When war broke out, life would never be the same again for the Sullivan family of Camberwell. Brothers Tom and Terry were keen to join up, while John's communist views led to frequent clashes with his father, Dave. Even young Kitty, as she grew older, was not to be spared from knowing the tragedy of wartime. And through all this, matriarch Grace watched and fretted over her family, little expecting what fate had in store for her...
Of all the Aussie soaps, The Sullivans was the least sensational and most down to earth. Its portrayal of the Sullivan family and their neighbours during WWII was character driven and rarely fell into melodrama. Dave, Grace and their children were at the centre of the storylines, but supporting the characters was a large group of extended family, friends and neighbours. Most of the action took place in the Sullivan household, but other frequent locations were the Great Southern pub, run by Maggie Hayward; the general store (originally owned by a German family before being passed into the hands of Harry and Rose and then Alice and Jim Sullivan); and the home of gossipy neighbour Mrs Jessup and her succession of lodgers.
Not that the show was without excitement. Whilst most of the action centered around the Melbourne suburb of Camberwell, many plots followed the adventures of Norm Baker and young Tom Sullivan as they fought the war in Crete, Holland, Singapore and other far flung places (although all actually filmed in the countryside surrounding Melbourne!). These storylines were often the source of the show's more tense cliffhangers.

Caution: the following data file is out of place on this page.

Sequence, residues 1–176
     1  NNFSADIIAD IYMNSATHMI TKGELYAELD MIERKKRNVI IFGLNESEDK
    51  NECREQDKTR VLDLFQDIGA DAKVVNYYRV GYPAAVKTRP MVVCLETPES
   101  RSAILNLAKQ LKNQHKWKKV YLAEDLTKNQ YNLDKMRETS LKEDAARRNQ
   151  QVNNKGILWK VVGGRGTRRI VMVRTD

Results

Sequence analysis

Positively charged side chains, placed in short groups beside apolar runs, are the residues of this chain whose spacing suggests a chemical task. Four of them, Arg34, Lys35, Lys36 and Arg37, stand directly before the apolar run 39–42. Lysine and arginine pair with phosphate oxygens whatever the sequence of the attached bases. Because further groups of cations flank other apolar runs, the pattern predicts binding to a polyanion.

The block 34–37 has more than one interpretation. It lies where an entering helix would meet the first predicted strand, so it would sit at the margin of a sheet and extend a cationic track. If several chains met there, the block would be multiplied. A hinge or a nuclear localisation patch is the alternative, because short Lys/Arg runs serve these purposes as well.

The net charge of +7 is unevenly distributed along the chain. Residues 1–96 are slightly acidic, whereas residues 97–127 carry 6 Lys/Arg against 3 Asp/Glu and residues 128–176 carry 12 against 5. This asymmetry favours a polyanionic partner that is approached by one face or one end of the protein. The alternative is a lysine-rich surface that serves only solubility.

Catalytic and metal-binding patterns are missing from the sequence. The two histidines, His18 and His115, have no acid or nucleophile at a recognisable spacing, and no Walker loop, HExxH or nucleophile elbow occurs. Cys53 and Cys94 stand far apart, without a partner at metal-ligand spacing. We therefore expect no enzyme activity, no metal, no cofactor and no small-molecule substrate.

The programme first aired on the Nine Network during the non-ratings period at the end of 1976. It began in the week that the TV station launched another soap, The Young Doctors. Both shows had been commissioned for an initial 13 week run, on the understanding that only the more successful soap would survive beyond that. Of course, what happened next became part of TV history. Although at first not as popular as the spicier medical soap, The Sullivans was a hit with critics from the outset. High production values sustained the show for six years, and in later years viewers were treated to stories of life in post-war Australia.
For added authenticity, the wardrobe mistress would visit jumble sales and charity shops, buying original wartime clothes for the actors to wear. WWII newsreel footage was slotted into some scenes, giving the show a distinctly 1940s feel.
When the soap began, the Sullivan children were quite young, and over the years, viewers were given the opportunity to see them grow. John Sullivan went from an idealistic conscientious objector to a brave war hero, while Tom and Terry spent time as prisoners of war in Changai. Little Kitty blossomed into a young woman, becoming a nurse and then wife and mother. The Sullivans gained another child when they adopted Geoff Johnson, the brother of a soldier killed while serving with Tom and Norm.
Geoff was an orphan in a childrens home, and his dying brother's last wish was that he should be properly looked after.
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